The journey onboard the runaway train that is Roger Federer was all too brief, however, for the 17,500 spectators who crammed into the O2 Arena last night for an exhibition of brilliance from a player determined not to be consigned to history at 30 years of age.
Supporters of Federer would have the slightest regret at their champion only taking 60 minutes to defeat Rafael Nadal 6-3, 6-0. This was a show they could have watched for hours instead of only an hour.
Nadal’s fans could only be aghast at the brevity of the contest. Their man is a warrior who normally is carried out on his shield in defeat. Yet after some traditional resistance in the first set, the world No.2 came to as close to a capitulation in the second as the tennis world is ever likely to see from him.
Federer, who now qualifies for the semi-finals stage of the Barclays ATP World Tour finals with a match against Mardy Fish to come, was brilliant on both sides, putting away anything short with his forehand and wafting his backhand with malevolent intent.
Nadal was peculiarly impotent. Hard court is not his favourite surface and Federer, who had a losing 17-8 record against his rival, had won the three previous indoor meetings. However, it was the scale of the triumph that took the breath away.
After breaking at 3-2 in the first after a rally so long it contained an ad break, Federer simply moved into another zone. Instead of being a vibrant battler, Nadal looked a weary plodder. The Spaniard’s absence from the tour has coincided with the Swiss player’s return to winning titles.
It was not difficult to identify the winner of tournaments in Basel and Paris from the player who has been out of action since mid-October in Shanghai.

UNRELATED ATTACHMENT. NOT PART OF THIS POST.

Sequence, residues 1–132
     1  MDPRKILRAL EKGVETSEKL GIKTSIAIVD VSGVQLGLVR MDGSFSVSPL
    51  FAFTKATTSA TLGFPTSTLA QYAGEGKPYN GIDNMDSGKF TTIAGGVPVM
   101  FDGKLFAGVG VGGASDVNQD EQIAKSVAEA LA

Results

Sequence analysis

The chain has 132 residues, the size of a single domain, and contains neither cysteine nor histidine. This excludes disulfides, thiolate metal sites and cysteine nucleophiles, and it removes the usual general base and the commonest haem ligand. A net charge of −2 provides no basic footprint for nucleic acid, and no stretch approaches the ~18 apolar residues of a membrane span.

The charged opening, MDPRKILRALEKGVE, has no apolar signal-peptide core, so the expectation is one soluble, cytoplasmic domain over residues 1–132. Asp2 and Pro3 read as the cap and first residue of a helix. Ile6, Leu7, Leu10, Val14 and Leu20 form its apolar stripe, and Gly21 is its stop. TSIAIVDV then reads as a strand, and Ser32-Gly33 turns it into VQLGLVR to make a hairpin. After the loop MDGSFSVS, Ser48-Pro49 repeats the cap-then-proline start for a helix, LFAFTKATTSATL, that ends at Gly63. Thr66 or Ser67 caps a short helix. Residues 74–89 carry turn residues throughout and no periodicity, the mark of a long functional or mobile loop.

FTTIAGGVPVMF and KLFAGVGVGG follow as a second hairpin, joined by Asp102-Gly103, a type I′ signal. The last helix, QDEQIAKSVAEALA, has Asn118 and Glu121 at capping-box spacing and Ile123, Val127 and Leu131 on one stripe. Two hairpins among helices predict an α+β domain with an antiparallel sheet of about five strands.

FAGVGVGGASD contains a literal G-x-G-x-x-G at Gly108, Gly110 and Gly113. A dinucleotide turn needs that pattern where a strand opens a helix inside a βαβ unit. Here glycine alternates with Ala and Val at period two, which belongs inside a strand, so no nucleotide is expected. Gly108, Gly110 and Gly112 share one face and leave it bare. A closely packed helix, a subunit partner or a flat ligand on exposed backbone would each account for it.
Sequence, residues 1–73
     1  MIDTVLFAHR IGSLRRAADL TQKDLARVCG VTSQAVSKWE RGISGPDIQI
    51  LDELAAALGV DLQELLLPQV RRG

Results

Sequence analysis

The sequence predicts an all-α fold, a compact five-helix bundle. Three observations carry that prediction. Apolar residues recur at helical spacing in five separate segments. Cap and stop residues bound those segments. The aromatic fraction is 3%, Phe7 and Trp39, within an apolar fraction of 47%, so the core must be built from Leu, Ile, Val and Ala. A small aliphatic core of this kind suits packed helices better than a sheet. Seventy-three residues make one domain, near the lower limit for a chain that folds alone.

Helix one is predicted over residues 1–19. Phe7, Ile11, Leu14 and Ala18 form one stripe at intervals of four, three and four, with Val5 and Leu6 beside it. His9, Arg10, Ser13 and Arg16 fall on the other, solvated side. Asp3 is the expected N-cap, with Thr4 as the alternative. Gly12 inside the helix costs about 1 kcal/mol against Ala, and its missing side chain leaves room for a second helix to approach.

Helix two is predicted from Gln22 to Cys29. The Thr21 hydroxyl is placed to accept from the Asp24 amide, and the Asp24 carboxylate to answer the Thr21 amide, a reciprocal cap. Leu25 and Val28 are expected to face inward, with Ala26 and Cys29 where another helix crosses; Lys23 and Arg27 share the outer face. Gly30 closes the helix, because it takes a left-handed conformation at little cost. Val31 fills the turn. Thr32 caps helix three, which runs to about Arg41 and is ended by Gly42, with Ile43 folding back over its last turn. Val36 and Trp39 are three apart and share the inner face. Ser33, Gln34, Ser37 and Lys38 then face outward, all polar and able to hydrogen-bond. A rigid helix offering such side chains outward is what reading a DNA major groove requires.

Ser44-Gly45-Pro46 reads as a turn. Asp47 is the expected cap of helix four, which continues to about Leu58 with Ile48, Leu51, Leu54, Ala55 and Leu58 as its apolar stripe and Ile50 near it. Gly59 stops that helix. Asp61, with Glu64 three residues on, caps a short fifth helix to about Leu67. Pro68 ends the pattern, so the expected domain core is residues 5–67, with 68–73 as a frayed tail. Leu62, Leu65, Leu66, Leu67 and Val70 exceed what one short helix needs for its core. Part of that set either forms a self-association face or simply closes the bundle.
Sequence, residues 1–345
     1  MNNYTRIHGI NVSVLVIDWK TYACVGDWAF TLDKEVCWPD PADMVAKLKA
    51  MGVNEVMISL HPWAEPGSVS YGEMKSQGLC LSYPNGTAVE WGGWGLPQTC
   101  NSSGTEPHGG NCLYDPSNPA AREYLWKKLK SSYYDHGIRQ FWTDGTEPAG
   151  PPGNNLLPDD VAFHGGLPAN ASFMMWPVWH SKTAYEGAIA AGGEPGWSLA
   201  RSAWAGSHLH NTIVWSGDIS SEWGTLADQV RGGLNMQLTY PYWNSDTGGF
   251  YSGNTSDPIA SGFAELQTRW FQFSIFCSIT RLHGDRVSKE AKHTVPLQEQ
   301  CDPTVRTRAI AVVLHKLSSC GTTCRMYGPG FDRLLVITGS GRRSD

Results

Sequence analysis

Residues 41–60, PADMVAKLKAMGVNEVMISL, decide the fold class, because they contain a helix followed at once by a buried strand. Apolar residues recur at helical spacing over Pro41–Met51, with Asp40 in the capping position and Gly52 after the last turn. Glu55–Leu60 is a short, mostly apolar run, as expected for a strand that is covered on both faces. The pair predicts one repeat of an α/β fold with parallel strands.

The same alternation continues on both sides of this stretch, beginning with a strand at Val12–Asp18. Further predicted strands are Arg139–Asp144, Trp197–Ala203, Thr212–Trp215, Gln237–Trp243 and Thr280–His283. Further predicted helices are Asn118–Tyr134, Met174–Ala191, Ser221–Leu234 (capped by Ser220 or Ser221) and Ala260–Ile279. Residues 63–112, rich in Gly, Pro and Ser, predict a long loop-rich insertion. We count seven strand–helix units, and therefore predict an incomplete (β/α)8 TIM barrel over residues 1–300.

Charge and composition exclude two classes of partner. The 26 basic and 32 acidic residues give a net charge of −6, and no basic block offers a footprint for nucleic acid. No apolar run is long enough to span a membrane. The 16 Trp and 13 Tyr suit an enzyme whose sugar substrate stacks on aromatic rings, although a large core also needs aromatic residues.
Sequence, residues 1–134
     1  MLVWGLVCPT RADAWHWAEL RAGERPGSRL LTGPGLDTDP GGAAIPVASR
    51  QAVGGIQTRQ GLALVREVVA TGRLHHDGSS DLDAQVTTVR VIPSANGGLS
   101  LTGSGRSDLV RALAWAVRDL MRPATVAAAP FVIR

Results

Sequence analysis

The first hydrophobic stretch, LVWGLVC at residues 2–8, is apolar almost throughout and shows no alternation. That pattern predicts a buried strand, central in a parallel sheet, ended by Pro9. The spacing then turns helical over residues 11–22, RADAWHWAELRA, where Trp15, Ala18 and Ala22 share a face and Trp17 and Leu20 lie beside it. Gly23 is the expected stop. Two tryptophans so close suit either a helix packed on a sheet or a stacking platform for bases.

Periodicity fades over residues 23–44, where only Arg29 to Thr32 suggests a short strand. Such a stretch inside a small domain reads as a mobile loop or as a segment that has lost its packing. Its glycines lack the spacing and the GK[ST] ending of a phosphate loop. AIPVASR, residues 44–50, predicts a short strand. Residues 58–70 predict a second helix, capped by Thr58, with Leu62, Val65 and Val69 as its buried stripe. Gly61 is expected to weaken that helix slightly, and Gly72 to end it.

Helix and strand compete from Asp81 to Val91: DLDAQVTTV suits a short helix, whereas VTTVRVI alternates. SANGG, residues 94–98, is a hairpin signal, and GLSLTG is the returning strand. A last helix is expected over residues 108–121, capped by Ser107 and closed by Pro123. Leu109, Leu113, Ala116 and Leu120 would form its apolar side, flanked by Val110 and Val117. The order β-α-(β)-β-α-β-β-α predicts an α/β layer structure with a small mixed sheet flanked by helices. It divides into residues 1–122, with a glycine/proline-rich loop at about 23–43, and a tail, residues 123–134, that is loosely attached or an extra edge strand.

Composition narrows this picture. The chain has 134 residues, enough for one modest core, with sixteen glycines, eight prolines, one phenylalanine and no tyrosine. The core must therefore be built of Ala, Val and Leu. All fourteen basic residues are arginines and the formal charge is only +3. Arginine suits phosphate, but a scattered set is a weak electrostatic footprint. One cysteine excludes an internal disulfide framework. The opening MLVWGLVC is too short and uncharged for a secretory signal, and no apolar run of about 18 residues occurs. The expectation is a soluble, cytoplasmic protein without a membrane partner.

Federer, an unlikely favourite coming into the tournament given his early-season form, proved yet again that he finds the tour finals a place to do some decent business. He is already first in line for the $1.6m prize that goes to the winner and will be eyeing yet another record by being the first player to win six tour finals.
Nadal, the wounded Spanish matador, will be measured for a brutal goring by the rampaging bull that is Jo-Wilfried Tsonga. The Frenchman defeated Fish 7-6, 6-1 and takes on the world No.2 with a place in the semi-finals at stake.
The world No.6 said he had a chance of upsetting Nadal, pointing out that the hard court would suit his game. “I know it is difficult for my opponent to break my serve on this surface,” he said.
However, last night it was the Fed Express that roared loudest. Federer, a winner of 16 grand slam titles, said the victory over his greatest rival had been one of his best. “I am a little bit stunned,” he said. Nadal, he said, normally does not “fall below a certain standard”.
He fell below the wheels of a well-oiled machine last night.
Federer summed it up. “We’ve played so many times, sometimes it just derails for you, like it derailed for Rafa today,” he said. “Once you start rolling, it’s hard to stop the player. So for him it was hard today.”
The next stop is the semi-finals for Federer. He is increasingly confident that he is heading ultimately for a lucrative final destination on Sunday.